Well folks, it looks like Wendell Berry may get his chance to go to jail. Minutes ago the majority of the U.S. House of Representatives voted yes on HR 2749, the so-called “Food Safety Enhancement Act of 2009.” They came just 6 votes shy of passing the bill.
Of course, HR 2749 is not friendly to small farmers. In fact, it will likely put them out of business. The bill has a number of faults, but the most alarming one is that it finally sneaked the NAIS program into a bill, despite the huge groundswell of dissent among our nation’s public.
And I do mean sneaked. The bill was voted on by suspending the rules, limiting discussion to less than an hour, and not allowing any amendments that could have clarified who these new rules should affect. In the course of the last 24 hours, the language of the bill had been changed three times, and most representatives didn’t have the chance to read the latest version before being required to vote.
The only reason this bill is NOT the current law of the land is that it did not win enough of a majority to pass. If it had been voted on under normal rules, with normal debate allowed, it would have easily been the new law of the land.
Why Should You Care About NAIS?
NAIS promises to require every single livestock animal in America to be identified and tagged — no matter the size of the operation. So, you’ve got a few backyard chickens? Some milking goats? A small free-range pig farm? Say hello to expensive tagging & government paperwork.
HR 2749 was sold to us as a means of protecting our food supply, a way to keep us safer. Congressmen felt rushed to pass it into law so that they could say they did something to respond to our never ending sea of food recalls and the radical increase in food borne illnesses. If I thought it would actually improve food safety, that’d be one thing. But the truth is that NAIS is simply a burdensome tracking system for AFTER the food borne illness spreads. NAIS makes sense for large-scale farms moving tens of thousands of heads of cattle, but for a small producer serving a local, limited market, the law makes no sense at all since that kind of direct farm to consumer channel is easily traceable.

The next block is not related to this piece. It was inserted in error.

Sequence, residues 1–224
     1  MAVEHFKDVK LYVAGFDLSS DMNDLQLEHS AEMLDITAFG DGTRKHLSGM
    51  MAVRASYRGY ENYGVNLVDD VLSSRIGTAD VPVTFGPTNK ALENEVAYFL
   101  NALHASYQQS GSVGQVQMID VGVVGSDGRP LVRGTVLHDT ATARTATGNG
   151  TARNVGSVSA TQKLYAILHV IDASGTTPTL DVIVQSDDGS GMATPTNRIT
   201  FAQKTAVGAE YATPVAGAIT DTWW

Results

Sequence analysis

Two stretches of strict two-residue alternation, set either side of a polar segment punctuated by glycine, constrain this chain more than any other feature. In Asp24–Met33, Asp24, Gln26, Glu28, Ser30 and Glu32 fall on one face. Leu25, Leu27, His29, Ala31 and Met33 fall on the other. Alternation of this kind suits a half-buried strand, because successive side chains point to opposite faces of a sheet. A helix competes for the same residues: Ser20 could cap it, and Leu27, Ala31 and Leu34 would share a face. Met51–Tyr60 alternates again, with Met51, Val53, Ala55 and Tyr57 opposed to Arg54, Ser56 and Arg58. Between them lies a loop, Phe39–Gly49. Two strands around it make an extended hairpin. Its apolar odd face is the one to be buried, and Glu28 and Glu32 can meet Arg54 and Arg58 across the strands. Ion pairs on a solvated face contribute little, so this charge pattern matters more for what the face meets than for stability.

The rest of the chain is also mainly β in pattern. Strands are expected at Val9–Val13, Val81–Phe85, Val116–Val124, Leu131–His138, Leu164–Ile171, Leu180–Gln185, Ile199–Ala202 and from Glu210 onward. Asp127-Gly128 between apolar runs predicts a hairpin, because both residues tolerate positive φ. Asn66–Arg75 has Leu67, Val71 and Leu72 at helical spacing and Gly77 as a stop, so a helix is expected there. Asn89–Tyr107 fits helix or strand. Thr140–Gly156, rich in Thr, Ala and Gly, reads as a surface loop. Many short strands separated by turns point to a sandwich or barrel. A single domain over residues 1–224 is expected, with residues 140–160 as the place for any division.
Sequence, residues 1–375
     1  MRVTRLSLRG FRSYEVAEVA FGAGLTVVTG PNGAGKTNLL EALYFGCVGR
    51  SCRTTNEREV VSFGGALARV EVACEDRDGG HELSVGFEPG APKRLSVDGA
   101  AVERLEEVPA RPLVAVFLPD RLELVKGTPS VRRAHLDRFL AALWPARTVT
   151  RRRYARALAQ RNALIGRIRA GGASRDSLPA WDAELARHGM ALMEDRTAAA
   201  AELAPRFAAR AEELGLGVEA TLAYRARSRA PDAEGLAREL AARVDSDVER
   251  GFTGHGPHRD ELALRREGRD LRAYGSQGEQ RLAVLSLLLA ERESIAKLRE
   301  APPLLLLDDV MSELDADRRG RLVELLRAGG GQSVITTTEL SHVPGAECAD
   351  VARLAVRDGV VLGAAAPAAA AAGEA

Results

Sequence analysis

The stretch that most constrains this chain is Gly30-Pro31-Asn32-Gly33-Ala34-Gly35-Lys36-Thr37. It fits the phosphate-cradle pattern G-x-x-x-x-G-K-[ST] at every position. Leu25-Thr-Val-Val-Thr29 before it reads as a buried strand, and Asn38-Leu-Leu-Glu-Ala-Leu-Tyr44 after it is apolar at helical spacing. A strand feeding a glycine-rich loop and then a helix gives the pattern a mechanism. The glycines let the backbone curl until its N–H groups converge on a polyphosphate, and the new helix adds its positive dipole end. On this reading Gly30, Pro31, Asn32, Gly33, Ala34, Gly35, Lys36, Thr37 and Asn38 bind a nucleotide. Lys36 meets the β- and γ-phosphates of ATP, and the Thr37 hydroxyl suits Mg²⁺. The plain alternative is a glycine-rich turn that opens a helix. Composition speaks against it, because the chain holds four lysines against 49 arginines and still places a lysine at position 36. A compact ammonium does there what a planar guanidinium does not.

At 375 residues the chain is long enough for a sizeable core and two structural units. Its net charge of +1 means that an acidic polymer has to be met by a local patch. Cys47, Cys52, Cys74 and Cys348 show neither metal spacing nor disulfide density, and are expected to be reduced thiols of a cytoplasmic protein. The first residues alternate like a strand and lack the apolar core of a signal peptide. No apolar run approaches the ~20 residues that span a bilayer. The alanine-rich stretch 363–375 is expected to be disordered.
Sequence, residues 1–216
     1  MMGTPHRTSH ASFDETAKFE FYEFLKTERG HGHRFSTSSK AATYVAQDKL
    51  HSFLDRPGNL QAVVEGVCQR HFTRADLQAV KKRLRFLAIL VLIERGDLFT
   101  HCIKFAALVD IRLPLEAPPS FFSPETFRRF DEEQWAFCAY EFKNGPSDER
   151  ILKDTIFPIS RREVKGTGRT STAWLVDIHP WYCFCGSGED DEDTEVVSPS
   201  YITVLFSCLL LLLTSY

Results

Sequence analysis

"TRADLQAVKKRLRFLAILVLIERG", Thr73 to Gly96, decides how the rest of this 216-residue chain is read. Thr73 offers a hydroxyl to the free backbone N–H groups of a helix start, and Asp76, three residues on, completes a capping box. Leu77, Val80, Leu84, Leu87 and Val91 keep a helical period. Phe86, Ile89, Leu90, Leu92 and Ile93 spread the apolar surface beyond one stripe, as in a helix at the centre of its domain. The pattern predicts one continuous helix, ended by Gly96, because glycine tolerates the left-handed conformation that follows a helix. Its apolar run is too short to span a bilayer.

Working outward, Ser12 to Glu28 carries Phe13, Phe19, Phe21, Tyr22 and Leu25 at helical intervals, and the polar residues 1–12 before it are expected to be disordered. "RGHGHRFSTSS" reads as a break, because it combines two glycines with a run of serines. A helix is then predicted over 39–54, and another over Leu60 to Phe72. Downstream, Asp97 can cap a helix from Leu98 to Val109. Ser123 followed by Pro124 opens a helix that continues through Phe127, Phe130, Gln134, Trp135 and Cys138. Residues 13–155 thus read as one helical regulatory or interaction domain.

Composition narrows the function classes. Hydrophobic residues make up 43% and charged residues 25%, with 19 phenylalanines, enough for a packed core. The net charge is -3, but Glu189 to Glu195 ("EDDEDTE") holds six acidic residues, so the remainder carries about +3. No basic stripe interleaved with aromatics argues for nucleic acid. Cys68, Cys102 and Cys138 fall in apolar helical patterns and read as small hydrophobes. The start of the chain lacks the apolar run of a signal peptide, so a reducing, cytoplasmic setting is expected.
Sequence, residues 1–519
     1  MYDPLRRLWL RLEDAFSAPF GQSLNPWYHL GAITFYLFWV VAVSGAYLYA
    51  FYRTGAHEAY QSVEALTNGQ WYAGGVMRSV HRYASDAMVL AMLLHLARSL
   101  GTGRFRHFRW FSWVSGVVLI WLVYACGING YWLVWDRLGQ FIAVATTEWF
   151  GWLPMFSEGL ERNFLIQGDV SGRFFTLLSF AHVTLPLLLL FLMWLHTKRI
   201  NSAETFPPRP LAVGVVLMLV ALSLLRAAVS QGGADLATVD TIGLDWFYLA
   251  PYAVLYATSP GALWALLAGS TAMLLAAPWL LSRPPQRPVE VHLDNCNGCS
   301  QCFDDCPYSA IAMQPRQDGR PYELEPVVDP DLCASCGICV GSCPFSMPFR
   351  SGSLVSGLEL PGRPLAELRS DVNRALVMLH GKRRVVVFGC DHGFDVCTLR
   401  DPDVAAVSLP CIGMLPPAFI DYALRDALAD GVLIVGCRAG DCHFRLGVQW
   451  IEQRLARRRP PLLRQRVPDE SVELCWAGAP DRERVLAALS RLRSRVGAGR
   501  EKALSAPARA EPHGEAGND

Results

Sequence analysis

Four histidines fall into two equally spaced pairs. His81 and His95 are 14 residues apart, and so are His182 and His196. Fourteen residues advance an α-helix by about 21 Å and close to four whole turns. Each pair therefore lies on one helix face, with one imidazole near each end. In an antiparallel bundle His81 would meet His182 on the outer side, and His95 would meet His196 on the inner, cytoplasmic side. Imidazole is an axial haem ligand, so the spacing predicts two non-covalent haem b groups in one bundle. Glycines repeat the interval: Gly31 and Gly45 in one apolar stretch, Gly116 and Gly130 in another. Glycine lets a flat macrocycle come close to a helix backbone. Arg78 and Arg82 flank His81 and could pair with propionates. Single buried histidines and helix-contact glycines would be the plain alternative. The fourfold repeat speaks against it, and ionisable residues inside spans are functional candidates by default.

To top it all off, large scale farming operations are actually exempted from tagging each individual animal! Instead, they can tag an entire herd with the same ID. This will save them millions of dollars while effectively putting all their smaller competitors out of business.
What Else Is Wrong With HR 2749?
A careful reading of the bill also reveals that HR 2749:
- Will create duplicate fees & requirements for certified organic producers.
- Will erode wildlife habitats in a misguided attempt to keep produce “clean” — when it is clear from the scientific evidence that it is industrialized animals that spread E.Coli 0157:H7 and Salmonella, not wild animals.
- Will greatly increase the costs associated with safely composting manure and using it as a fertilizer for natural and organic crops.
- Will interfere with and possibly prohibit small-scale farmers adding value to their products. This includes washing and cutting produce, creating canned jams or jellies, anything really.
- Will require a costly electronic filing system that may well put farmers using paper records out of business, including many of our Amish brothers and sisters who can not comply with the electronic filing standards without violating their religious principles.
- Will give the federal government the power to ban raw milk sales.
Basically, this bill — as written, without any amendments or clarifications — will ruin small family farm agriculture and eliminate consumer choice. It may be that the only farms able to survive this new legislation are industrialized farms. In the very least, it will consolidate industrial agriculture even further.
What Can YOU Do?
Right now HR 2749 is going back into committee to be modified and re-written in the hopes of bringing it back to the floor for a regular vote tomorrow, Thursday July 30th. Now is the time to call your representative and tell them to vote NO on this bill when it comes up again. If you’ like to find out how your congressperson originally voted — whether to express your support or disappointment — click here.